Sunday, 16 July 2017

Pinnipeds: Decline of the Monk Seals

Mediterranean monk seal
(museum specimen)
The great majority of seal species are found in cold, often freezing waters. Even harbour and elephant seals, which are frequently found in temperate, or even subtropical, climes, also inhabit colder latitudes for at least part of the year. There are just modern three species of true seal that are found solely in warm waters, and they all happen to be closely related. These are the monk seals.

It's not actually known why these animals are called "monk" seals. The oldest known reference to the term comes from Johann Hermann in 1779, when he wrote the first scientific description of the Mediterranean monk seal (Monachus monachus), and gave it its scientific name. The only reason he gave for doing so was that he'd heard that the animal was called that in France, and thought that maybe that was because, seen from behind, the head and shoulders looked a bit like a robed and hooded man. But he was guessing about that latter part, and there doesn't seem to be any independent corroboration that the animal really was called a "monk seal" in France (or, indeed, anywhere else) prior to his naming of it. Presumably, he'd got the name from somewhere, but, for all we know, he might have misremembered the details.

Sunday, 9 July 2017

First and Last of the South Asian River Dolphins

South Asian river dolphin skeleton -
note the strange shape of the skull
Although the whales are undeniably spectacular, the majority of cetacean species are much smaller; the sort of animals we generally refer to as "dolphins". The great majority of these belong to the family Dephinidae, variously termed the "oceanic dolphins", "pelagic dolphins", or even "true dolphins". This is a large family, with nearly forty species, including killer whales and pilot whales alongside their smaller kin.

Whatever we call this family, it, in turn, belongs to the larger group of the "delphinoid cetaceans", which also includes the six species of the porpoise family and two other whales - the narwhal and beluga. Taken together, these animals and their extinct relatives have dominated the count of cetacean species across the world for millions of years, forming a key part of the ocean ecology. Of all the other cetacean groups, only the mysterious deep-sea beaked whales come close in terms of the number of species, and even they don't appear to be as varied.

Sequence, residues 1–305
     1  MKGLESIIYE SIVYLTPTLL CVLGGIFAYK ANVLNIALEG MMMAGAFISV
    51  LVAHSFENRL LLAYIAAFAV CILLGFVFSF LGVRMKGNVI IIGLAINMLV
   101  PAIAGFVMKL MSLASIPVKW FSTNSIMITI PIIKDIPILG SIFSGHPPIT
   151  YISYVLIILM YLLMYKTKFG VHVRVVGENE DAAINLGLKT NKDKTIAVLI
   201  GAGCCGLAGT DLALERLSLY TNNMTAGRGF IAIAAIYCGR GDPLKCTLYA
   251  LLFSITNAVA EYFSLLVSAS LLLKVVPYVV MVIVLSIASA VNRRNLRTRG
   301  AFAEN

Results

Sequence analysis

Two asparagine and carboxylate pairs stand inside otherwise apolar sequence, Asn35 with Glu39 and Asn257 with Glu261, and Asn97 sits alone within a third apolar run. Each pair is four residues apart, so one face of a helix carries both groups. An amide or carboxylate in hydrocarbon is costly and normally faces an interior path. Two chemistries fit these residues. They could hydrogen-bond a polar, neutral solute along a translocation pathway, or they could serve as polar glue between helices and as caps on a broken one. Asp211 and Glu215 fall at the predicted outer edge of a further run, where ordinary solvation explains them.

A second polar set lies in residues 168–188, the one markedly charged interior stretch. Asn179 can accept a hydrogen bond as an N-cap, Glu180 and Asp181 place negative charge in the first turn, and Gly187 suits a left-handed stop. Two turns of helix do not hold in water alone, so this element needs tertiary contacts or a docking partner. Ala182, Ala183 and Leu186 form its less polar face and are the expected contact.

Sunday, 2 July 2017

The Social Lives of Elephants

Indian elephant
Elephants are the largest land-dwelling animals alive today. They are also among the most intelligent non-primate species, with complex social lives, and, as I noted in passing a few weeks ago, seem to be able to pass the Mirror Test for self-awareness - the only mammal, other than apes or dolphins, for which there is reasonable evidence of this ability.

There are many reasons that we'd like to know more about the lives and habits of elephants; even leaving pure curiosity aside, on a practical level it might help us to find ways to manage elephant populations so that they can peacefully co-exist with our expanding agricultural and residential footprint.

But there is a problem to really getting to grips with elephant "societies" and how they function. That's because, in addition to being large, elephants are also remarkably long-lived. If you go out into the wild and study a herd of elephants for five years, you will get a lot of information, but it's really just a snapshot of what's going on in the course of their lives. Elephants can live for at least seventy years, and a generation lasts for about 25 years, so getting a really good picture of an elephant's life would take... well, a human lifetime.

Sunday, 25 June 2017

Rain Down on Me: Wild Boar and the Weather

Wild boar (Sus scrofa) are very far from being an endangered species. They are found across continental Europe and Asia, and on a number of nearby islands, from the Mediterranean to Japan. We have no idea how large their global population is, but it's clearly pretty big, and they are common animals in many places. But even if their very existence isn't in danger, that doesn't mean that we have no need to figure out how to properly manage their populations in the wild, so as to cause neither humans, nor the boars themselves, any inconvenience.